Trickbot is about as bad as they come in the world of malware. Originally a malware strain from the Windows ecosystem, security professionals have recently found samples of the code in the wild that prove that Trickbot has made the jump to the Linux world as well.
One of the things that makes this such a nasty little threat is the fact that it’s best viewed as a multi-function toolkit.
It isn’t just simple malware, which often has a limited bag of tricks and a very specific function. This is essentially the Swiss Army Knife of malware.
Another is the fact that just about any would-be hacker can get his or her hands on the code. Trickbot is often rented by hackers around the world who use it as a service to infiltrate whatever network they set their sights on and harvest whatever sort of data they’re after.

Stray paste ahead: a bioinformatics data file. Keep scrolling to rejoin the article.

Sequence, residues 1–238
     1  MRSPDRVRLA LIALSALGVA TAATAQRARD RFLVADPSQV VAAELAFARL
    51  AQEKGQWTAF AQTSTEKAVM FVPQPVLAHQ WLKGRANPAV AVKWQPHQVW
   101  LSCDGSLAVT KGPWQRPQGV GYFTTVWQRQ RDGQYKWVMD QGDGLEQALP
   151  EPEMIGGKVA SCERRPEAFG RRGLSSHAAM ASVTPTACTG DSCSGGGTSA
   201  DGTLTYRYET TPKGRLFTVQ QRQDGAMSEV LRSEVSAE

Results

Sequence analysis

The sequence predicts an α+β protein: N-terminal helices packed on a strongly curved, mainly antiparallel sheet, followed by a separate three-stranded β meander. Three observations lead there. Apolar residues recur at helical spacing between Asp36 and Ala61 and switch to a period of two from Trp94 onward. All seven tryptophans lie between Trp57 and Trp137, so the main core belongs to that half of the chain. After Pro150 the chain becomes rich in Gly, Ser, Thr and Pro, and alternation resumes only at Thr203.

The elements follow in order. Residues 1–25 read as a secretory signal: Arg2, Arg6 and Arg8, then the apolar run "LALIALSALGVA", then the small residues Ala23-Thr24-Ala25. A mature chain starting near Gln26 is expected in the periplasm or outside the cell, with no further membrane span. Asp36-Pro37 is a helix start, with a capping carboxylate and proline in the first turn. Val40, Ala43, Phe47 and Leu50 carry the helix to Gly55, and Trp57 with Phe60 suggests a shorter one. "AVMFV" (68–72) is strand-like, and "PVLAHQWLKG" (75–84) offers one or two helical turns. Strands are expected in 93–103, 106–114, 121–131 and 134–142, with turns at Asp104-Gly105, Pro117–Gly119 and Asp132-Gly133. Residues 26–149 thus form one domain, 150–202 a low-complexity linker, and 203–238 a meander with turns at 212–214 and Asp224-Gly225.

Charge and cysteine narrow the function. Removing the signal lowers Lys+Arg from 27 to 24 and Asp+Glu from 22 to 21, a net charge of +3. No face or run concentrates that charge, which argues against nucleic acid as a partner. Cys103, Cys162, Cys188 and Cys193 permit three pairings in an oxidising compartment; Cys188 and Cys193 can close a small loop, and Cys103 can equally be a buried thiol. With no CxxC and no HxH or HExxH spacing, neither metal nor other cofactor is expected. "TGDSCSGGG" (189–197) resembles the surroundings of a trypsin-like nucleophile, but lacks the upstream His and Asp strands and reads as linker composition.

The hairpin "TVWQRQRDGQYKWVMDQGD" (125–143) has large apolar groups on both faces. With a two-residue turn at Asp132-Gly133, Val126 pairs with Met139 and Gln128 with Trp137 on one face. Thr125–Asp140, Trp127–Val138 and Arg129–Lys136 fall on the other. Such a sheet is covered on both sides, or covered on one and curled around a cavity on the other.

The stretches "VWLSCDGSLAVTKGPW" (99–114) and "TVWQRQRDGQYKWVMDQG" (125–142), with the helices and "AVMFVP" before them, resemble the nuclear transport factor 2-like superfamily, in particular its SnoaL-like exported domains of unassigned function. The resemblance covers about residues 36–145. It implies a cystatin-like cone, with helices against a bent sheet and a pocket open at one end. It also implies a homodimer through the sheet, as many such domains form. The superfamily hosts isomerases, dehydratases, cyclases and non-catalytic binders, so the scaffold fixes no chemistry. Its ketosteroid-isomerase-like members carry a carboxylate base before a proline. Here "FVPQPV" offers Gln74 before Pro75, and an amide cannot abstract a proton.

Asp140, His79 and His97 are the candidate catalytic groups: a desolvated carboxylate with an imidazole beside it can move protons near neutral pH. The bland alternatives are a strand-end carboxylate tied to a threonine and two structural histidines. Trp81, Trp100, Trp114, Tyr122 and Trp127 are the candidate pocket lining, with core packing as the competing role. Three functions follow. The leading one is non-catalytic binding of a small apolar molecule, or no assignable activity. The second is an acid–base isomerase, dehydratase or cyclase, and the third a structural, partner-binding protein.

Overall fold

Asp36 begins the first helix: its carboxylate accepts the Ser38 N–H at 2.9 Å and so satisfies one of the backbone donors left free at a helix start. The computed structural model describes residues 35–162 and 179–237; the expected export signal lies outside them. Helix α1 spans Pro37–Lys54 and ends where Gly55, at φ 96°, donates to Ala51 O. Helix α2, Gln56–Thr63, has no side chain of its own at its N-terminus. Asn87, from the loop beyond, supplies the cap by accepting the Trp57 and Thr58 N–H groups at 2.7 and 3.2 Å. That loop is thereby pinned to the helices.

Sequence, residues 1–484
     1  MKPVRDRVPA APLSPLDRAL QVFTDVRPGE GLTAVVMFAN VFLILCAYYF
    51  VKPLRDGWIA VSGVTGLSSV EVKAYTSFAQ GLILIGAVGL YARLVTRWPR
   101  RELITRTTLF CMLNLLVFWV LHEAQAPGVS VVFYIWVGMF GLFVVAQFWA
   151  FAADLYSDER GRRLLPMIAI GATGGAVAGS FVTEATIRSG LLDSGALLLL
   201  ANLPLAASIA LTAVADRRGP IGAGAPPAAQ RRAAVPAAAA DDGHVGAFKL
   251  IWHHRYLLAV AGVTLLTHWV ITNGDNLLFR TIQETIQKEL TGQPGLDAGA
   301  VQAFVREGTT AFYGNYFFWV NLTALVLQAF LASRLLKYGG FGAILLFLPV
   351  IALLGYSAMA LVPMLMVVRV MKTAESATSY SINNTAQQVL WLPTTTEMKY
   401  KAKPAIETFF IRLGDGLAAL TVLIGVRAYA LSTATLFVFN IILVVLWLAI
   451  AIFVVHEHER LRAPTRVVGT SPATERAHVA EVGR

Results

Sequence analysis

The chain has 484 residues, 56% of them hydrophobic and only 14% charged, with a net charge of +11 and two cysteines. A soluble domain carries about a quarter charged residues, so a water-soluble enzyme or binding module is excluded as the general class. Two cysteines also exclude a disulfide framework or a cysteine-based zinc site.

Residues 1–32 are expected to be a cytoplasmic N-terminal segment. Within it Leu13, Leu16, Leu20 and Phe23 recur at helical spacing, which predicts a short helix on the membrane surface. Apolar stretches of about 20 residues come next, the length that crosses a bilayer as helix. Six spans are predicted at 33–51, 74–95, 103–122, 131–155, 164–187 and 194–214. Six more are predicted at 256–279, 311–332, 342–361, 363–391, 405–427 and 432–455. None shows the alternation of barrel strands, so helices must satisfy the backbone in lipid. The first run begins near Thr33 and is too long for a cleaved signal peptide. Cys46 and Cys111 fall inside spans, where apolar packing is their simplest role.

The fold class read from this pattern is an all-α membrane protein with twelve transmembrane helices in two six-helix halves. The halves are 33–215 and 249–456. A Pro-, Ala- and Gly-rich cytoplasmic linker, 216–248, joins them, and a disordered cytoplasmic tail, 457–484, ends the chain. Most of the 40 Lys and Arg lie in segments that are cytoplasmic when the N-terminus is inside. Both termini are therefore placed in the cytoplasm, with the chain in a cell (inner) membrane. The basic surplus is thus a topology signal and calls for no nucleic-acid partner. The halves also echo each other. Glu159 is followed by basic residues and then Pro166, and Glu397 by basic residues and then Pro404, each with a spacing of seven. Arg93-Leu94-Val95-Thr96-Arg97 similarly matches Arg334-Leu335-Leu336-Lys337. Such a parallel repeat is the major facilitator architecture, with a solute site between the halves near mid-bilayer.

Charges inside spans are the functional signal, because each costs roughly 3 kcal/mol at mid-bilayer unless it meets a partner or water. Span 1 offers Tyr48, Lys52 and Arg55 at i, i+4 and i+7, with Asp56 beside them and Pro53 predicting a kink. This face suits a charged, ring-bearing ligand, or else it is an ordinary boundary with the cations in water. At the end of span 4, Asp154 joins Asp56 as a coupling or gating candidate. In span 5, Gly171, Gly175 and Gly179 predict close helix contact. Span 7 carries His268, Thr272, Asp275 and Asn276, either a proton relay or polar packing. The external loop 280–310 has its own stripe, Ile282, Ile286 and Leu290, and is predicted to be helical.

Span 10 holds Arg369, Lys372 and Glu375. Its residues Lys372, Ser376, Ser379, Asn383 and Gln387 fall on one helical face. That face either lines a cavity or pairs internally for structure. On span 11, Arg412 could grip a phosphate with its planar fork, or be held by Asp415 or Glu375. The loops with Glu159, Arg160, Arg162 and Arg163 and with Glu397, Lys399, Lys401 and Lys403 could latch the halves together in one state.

Finally, though, there’s the fact that a Trickbot attack isn’t ‘just’ a Trickbot attack. Once that malware strain has stolen whatever data the user wanted, it will often then be used to deploy a ransomware strain like Conti or Ryuk. It hits the target system with a devastating one-two punch, stealing yet more data and then encrypting files and locking down broad swaths of the victim’s network.
One of the researchers who made the discovery had this to say about the new Linux threat:
“The malware acts as a covert backdoor persistence tool in UNIX environment used as a pivot for Windows exploitation as well as used as an unorthodox initial attack vector outside of email phishing. It allows the group to target and infect servers in a UNIX environment (such as routers) and use it to pivot to corporate networks.”
This is bad news indeed, especially given that many of the devices that make up the burgeoning Internet of Things run on a Linux operating system. Therefore, most don’t have even rudimentary protection against hackers. Beware of this one. It is dangerous indeed.